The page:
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It’s hard to argue against the perfect blend of kitsch, warmth, and spectacle that Linnanmäki provides, especially in the darker times of the year when its ambience truly shines. It’s an unusual amalgamation that satisfies a wide variety of ages, while opening its doors to all patrons with free entry to the park. The free entrance impressively lends it to being a community space for all, with the option of some free rides and a variety of pricing options. Some may jeer at the old-fashioned nature of the establishment, but its hard to construct the charm it provides in many modern day amusement parks, not to mention its centrality to the city and ease of access. When you combine this with the fact that a large amount of proceeds go towards Finnish child welfare work, it’s a no brainer.

On Sunday evening, Linnanmäki observed its tenth year of Valokarnevaali (Light Carnival), which celebrates the final opening days before its closure for the winter season. Here are the highlights.

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Vuoristorata – The icon of Linnanmäki, constructed in 1951 in time to draw tourists from the Olympics. Picture: Morgan Walker for Finland Today

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A detail from the park. Picture: Morgan Walker for Finland Today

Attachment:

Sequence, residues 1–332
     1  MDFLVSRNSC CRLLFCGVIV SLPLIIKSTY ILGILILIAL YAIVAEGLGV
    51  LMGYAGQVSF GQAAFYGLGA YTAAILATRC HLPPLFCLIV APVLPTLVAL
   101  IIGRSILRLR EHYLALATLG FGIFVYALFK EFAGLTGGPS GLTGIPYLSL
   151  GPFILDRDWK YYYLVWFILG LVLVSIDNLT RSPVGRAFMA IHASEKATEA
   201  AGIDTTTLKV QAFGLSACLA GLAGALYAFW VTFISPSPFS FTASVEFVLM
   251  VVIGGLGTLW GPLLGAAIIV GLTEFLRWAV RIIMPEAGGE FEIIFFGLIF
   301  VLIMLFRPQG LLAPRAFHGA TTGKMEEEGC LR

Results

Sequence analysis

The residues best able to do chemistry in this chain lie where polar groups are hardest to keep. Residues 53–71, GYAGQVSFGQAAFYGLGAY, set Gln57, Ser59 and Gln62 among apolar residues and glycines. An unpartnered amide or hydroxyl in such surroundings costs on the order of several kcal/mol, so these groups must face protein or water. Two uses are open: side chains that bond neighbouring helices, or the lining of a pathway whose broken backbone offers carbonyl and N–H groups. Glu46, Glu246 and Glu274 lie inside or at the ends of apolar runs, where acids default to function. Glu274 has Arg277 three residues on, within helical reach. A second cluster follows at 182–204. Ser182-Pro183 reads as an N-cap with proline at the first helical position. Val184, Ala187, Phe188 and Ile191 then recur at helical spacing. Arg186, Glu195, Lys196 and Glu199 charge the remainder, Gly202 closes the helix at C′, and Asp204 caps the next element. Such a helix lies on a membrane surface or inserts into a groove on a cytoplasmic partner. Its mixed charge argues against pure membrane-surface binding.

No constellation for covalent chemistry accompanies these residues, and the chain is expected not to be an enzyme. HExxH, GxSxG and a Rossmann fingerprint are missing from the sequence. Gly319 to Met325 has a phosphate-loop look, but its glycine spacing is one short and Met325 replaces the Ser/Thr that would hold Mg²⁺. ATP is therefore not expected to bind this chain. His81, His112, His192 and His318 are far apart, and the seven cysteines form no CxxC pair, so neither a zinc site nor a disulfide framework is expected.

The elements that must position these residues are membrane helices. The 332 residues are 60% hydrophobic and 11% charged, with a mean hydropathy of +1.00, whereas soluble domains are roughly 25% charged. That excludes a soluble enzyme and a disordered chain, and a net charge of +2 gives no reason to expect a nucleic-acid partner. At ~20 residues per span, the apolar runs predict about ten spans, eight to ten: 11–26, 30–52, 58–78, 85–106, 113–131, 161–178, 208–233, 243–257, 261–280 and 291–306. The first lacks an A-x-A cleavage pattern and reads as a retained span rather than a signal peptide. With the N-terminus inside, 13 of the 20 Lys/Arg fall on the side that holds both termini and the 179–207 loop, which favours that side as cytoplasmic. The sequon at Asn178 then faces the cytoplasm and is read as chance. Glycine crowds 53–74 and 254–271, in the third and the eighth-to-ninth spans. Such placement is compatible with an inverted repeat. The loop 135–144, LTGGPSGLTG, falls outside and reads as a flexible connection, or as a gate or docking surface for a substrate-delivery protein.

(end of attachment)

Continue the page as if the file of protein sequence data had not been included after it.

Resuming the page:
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Jarrumies – Brakeman – the final hours of the rollercoaster running in 2015. Picture: Morgan Walker for Finland Today

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Patrons await the fury of Kieputin. Picture: Morgan Walker for Finland Today

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A detail from the park. Picture: Morgan Walker for Finland Today

 

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Salama & Viking. Picture: Morgan Walker for Finland Today

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Rinkeli was popular on the final evening. Picture: Morgan Walker for Finland Today

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The kiosk selling hattara (cotton candy) is a favourite among the visitors. Picture: Morgan Walker for Finland Today.

 

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Kehrä with Kirnu in the background. Picture: Morgan Walker for Finland Today

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Kieppi – sure to get the stomach churning. Picture: Morgan Walker for Finland Today

 

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Vekkula distorts reality. Picture: Morgan Walker for Finland Today

Linnanmäki

Linnanmäki was founded by six child welfare organisations, which later consolidated in to Lasten Päivän Säätiö in 1957. In conjuction with this achievement, Lasten Päivän Säätiö (Chidren’s Day Foundation) marked it’s 65th year since the founding of Linnanmäki, which opened the park in time for the Helsinki 1952 Olympics. Impressively, the park raises funds for Finnish child welfare work: in 2014, 3.9 million euros were donated, with an increased goal in donations to 4.1 million euros this year.

Sources: Linnanmaki.fi